An Aspartate-Specific Solute-Binding Protein Regulates Protein Kinase G Activity To Control Glutamate Metabolism in Mycobacteria.
journal contributionposted on 19.06.2019, 11:58 by N Bhattacharyya, IN Nkumama, Z Newland-Smith, L-Y Lin, W Yin, RE Cullen, JS Griffiths, AR Jarvis, MJ Price, PY Chong, R Wallis, HM O'Hare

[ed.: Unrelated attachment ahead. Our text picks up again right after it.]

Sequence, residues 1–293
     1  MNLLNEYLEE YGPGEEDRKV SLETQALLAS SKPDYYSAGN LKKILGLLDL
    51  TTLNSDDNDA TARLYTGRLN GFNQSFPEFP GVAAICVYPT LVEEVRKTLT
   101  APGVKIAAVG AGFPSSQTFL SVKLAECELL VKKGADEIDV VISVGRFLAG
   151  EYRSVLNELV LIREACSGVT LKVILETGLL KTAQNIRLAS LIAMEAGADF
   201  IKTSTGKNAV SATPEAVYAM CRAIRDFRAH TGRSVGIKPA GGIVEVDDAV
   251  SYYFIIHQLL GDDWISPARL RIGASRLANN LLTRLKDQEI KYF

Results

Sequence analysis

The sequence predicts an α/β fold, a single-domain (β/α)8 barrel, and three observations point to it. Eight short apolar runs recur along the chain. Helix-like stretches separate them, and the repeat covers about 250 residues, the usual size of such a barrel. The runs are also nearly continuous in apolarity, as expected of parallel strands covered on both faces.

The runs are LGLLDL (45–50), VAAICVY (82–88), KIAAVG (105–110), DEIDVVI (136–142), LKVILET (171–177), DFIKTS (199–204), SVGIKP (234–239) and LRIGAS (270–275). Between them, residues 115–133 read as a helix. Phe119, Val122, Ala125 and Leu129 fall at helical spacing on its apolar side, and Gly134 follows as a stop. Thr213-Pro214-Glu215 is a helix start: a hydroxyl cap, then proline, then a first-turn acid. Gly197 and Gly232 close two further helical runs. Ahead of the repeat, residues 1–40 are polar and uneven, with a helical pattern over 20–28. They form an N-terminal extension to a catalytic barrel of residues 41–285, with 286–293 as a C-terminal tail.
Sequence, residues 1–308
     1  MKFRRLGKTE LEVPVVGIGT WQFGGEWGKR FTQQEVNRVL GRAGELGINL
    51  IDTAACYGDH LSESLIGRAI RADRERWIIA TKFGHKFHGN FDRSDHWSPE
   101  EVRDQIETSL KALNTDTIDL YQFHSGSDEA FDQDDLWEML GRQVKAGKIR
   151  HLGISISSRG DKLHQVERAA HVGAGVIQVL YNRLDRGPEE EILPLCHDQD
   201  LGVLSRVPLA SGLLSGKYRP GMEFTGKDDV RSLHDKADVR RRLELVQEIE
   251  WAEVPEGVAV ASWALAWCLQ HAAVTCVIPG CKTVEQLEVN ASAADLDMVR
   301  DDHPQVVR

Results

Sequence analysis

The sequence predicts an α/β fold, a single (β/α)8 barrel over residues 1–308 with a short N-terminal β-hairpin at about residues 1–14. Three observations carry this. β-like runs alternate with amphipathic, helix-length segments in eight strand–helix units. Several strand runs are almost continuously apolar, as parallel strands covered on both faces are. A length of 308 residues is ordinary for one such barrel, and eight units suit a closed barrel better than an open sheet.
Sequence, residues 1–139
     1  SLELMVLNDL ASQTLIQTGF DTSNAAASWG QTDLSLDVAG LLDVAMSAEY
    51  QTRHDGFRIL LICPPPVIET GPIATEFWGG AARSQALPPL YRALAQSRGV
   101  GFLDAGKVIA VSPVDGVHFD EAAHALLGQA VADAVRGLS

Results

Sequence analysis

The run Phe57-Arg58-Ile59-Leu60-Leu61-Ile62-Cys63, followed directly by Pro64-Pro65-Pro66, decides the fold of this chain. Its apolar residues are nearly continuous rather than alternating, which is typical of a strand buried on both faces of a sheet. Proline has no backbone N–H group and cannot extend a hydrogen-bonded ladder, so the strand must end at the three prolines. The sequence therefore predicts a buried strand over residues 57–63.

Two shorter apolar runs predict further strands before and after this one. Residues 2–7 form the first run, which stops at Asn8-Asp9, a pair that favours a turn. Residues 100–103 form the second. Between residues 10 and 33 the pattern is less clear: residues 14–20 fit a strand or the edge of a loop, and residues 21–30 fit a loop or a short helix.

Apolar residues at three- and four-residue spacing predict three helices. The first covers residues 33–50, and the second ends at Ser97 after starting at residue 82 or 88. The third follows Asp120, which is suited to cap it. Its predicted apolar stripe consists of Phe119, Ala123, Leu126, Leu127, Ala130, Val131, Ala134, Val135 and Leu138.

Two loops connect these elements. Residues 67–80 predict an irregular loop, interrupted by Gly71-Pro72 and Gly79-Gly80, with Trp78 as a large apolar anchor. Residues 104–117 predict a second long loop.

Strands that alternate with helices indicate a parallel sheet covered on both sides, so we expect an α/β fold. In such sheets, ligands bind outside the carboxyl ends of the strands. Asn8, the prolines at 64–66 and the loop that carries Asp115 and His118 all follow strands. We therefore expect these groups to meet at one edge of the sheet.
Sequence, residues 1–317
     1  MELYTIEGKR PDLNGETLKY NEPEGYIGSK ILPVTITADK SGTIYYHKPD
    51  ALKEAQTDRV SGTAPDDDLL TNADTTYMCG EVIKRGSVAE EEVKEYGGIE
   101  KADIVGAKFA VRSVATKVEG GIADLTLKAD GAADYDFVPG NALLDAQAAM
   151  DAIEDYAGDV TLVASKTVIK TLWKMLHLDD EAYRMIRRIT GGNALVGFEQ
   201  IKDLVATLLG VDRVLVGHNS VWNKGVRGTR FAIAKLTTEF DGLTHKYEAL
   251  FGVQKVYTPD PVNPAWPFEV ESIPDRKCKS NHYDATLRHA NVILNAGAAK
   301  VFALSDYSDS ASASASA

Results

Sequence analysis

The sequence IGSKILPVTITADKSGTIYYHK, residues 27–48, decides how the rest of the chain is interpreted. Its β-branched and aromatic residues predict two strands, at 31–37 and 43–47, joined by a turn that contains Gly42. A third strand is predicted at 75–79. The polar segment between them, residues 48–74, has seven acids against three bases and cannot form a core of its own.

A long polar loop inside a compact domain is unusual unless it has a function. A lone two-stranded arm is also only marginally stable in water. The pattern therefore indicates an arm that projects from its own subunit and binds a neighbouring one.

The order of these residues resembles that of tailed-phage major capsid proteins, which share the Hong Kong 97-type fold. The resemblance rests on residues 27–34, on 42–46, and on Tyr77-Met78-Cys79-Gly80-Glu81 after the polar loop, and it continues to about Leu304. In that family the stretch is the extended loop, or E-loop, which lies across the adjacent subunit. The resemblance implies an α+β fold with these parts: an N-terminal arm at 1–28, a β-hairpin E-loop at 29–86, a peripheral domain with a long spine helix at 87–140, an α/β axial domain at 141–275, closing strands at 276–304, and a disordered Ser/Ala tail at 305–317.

Signaling by serine/threonine phosphorylation controls diverse processes in bacteria, and identification of the stimuli that activate protein kinases is an outstanding question in the field. Recently, we showed that nutrients stimulate phosphorylation of the protein kinase G substrate GarA in Mycobacterium smegmatis and Mycobacterium tuberculosis and that the action of GarA in regulating central metabolism depends upon whether it is phosphorylated. Here we present an investigation into the mechanism by which nutrients activate PknG. Two unknown genes were identified as co-conserved and co-expressed with PknG: their products were a putative lipoprotein, GlnH, and putative transmembrane protein, GlnX. Using a genetic approach, we showed that the membrane protein GlnX is functionally linked to PknG. Furthermore, we determined that the ligand specificity of GlnH matches the amino acids that stimulate GarA phosphorylation. We determined the structure of GlnH in complex with different amino acid ligands (aspartate, glutamate, and asparagine), revealing the structural basis of ligand specificity. We propose that the amino acid concentration in the periplasm is sensed by GlnH and that protein-protein interaction allows transmission of this information across the membrane via GlnX to activate PknG. This sensory system would allow regulation of nutrient utilization in response to changes in nutrient availability. The sensor, signaling, and effector proteins are conserved throughout the Actinobacteria, including the important human pathogen Mycobacterium tuberculosis, industrial amino acid producer Corynebacterium glutamicum, and antibiotic-producing Streptomyces species.IMPORTANCE Tuberculosis (TB) kills 5,000 people every day, and the prevalence of multidrug-resistant TB is increasing in every country. The processes by which the pathogen Mycobacterium tuberculosis senses and responds to changes in its environment are attractive targets for drug development. Bacterial metabolism differs dramatically between growing and dormant cells, and these changes are known to be important in pathogenesis of TB. Here, we used genetic and biochemical approaches to identify proteins that allow M. tuberculosis to detect amino acids in its surroundings so that it can regulate its metabolism. We have also shown how individual amino acids are recognized. The findings have broader significance for other actinobacterial pathogens, such as nontuberculous mycobacteria, as well as Actinobacteria used to produce billions of dollars of amino acids and antibiotics every year.